BELFAST, IRELAND — That daily mid-afternoon stroll through the park may just save your life, especially if you’re stuck sitting at your office desk all day, according to a new study out of the United Kingdom.
Researchers at Queen’s University in Belfast and Ulster University have found a link between sitting or lounging for long periods of time and 70,000 deaths per year in the UK. All of that relaxation appears to be costing the state a great deal of money as well, with an estimated 700 million pounds a year being spent by the UK’s National Health Service (NHS) on treating health complications associated with being sedentary for too long.
The fact that so many people spend a large portion of their days sitting down isn’t necessarily surprising; a large portion of the UK population report to sedentary office jobs each day, and many typical leisure activities after a long day at work primarily involve the couch.
While plenty of us love a good movie marathon or Netflix binge, this isn’t the first evidence that these types of habits probably aren’t doing our bodies any favors. Previous research has shown that sitting for too long each day increases the risk of cardiovascular disease, cancer, type 2 diabetes, and death. However, no estimates on the monetary cost of sedentary behavior had been made until this study.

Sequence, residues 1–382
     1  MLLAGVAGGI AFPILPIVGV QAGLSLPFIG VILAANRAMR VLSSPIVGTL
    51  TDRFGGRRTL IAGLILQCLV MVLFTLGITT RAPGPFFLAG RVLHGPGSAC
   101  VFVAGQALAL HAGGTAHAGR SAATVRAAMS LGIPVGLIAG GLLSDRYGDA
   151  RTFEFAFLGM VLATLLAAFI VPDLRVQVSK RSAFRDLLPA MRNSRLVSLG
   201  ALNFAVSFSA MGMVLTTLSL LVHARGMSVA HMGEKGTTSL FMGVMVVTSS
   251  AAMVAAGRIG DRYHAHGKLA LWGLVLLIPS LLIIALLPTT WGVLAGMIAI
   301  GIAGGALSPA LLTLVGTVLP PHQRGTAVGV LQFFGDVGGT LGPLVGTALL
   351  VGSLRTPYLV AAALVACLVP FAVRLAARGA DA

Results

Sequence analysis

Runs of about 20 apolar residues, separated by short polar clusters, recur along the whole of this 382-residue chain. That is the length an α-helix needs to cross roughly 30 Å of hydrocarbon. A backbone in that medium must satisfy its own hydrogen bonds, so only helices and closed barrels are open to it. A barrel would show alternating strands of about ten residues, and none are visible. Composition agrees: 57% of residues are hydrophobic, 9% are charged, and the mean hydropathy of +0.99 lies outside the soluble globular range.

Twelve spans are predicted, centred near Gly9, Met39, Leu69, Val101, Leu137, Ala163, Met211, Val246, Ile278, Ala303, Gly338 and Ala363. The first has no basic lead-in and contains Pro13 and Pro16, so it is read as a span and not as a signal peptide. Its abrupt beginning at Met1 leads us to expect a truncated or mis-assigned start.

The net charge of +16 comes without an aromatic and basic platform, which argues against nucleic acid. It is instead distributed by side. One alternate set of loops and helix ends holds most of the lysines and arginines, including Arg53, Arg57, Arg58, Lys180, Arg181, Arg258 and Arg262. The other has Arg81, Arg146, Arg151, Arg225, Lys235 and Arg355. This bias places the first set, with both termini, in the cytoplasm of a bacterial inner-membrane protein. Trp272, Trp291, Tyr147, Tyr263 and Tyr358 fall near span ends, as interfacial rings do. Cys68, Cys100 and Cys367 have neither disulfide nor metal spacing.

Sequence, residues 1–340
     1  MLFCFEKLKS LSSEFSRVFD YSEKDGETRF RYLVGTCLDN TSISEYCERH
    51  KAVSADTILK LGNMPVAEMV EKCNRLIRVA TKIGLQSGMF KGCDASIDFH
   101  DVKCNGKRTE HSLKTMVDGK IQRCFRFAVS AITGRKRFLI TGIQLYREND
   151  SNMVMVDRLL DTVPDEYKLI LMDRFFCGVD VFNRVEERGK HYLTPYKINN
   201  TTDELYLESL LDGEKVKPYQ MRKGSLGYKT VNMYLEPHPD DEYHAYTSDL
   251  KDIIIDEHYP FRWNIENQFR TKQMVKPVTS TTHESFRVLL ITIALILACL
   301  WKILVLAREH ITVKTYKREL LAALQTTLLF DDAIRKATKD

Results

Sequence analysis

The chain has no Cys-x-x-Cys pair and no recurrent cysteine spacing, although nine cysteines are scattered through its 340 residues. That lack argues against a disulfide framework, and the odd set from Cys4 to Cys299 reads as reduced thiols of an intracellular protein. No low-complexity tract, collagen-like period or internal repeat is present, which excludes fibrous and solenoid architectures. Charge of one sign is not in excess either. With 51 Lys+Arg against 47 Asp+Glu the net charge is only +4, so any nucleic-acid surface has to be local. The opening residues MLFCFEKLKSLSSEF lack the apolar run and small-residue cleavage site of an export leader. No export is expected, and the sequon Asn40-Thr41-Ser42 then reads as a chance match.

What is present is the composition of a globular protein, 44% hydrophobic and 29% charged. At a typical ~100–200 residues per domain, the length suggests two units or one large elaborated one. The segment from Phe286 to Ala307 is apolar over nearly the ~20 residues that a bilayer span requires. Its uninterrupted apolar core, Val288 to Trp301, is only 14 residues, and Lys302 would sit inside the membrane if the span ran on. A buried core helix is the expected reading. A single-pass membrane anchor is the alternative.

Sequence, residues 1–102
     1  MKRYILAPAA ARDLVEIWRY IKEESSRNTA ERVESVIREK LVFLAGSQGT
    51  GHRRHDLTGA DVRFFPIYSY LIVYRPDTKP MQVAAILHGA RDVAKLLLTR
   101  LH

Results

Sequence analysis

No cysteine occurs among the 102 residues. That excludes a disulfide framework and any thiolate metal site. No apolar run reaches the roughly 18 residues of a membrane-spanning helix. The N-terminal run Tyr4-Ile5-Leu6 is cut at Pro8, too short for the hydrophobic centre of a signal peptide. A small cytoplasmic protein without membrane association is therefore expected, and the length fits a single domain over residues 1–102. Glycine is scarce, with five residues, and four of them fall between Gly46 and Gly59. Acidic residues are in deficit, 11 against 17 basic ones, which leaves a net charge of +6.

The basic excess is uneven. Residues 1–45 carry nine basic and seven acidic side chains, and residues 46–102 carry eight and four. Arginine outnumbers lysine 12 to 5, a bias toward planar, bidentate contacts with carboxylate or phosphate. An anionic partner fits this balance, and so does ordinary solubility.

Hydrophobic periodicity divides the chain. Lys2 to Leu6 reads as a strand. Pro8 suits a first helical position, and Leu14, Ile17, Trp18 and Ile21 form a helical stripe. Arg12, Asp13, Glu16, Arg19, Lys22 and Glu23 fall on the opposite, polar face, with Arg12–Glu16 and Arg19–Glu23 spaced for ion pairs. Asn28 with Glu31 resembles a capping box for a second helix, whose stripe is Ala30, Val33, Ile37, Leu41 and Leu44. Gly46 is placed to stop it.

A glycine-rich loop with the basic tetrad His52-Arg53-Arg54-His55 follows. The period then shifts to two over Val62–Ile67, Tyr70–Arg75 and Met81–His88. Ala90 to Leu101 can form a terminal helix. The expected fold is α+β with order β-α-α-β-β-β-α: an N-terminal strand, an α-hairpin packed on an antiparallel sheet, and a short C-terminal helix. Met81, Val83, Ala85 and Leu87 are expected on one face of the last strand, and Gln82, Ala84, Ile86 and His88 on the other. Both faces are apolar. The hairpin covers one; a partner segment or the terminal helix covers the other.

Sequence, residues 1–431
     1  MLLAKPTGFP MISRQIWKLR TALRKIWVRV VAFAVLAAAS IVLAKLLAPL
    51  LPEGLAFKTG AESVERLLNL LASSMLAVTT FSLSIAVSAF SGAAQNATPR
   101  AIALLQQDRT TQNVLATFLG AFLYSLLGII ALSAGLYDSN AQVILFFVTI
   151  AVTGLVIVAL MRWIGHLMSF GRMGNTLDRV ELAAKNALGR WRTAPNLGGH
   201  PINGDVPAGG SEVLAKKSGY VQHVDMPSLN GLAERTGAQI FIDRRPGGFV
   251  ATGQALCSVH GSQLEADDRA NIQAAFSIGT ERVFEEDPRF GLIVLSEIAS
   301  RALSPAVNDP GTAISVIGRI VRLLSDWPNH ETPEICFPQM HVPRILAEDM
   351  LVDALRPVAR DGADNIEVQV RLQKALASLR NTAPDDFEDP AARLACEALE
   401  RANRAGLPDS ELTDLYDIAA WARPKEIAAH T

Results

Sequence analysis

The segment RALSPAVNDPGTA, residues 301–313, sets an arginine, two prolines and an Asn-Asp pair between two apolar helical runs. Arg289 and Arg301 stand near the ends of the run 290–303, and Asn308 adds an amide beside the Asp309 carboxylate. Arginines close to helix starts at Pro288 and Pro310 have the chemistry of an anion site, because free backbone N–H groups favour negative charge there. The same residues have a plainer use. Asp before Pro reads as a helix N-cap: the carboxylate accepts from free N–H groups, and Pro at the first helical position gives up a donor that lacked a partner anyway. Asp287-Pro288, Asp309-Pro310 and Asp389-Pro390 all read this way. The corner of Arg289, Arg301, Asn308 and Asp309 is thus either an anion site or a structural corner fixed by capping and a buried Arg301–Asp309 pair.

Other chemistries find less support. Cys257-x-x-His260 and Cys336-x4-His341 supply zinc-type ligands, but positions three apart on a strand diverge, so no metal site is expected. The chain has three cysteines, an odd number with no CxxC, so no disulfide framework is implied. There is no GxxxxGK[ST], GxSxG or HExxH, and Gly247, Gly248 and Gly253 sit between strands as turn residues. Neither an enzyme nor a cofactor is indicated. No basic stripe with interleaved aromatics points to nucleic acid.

To come to their conclusions, researchers cross referenced data from previous studies on the impact of a sedentary lifestyle on five specific conditions (cardiovascular disease, type two diabetes, colon cancer, lung cancer, and endometrial cancer) with information collected by the Health Survey for England in 2012 on UK adults day-to-day sedentary habits.
For example, the 2012 survey found that 30% of adults in England spend at least six hours a day sitting per workday. On the weekends, 37% of English adults spent six hours a day sitting.
Additionally, actual NHS spending data for those five diseases in 2016-17 was used, adjusted for inflation, to determine the monetary cost of all that lounging around.
Researchers say their findings suggest sedentary activity was responsible for 11.6% of all UK deaths in 2016, and that 69,276 deaths could may have been avoided that year if people stayed on their feet more often.
“Many individuals in the UK spend their leisure time in sedentary behavior, and the workplace represents a significant proportion of unavoidable daily sitting time for many people,” explains Lead Investigator Leonie Heron of the Centre of Public Health at Queen’s University Belfast.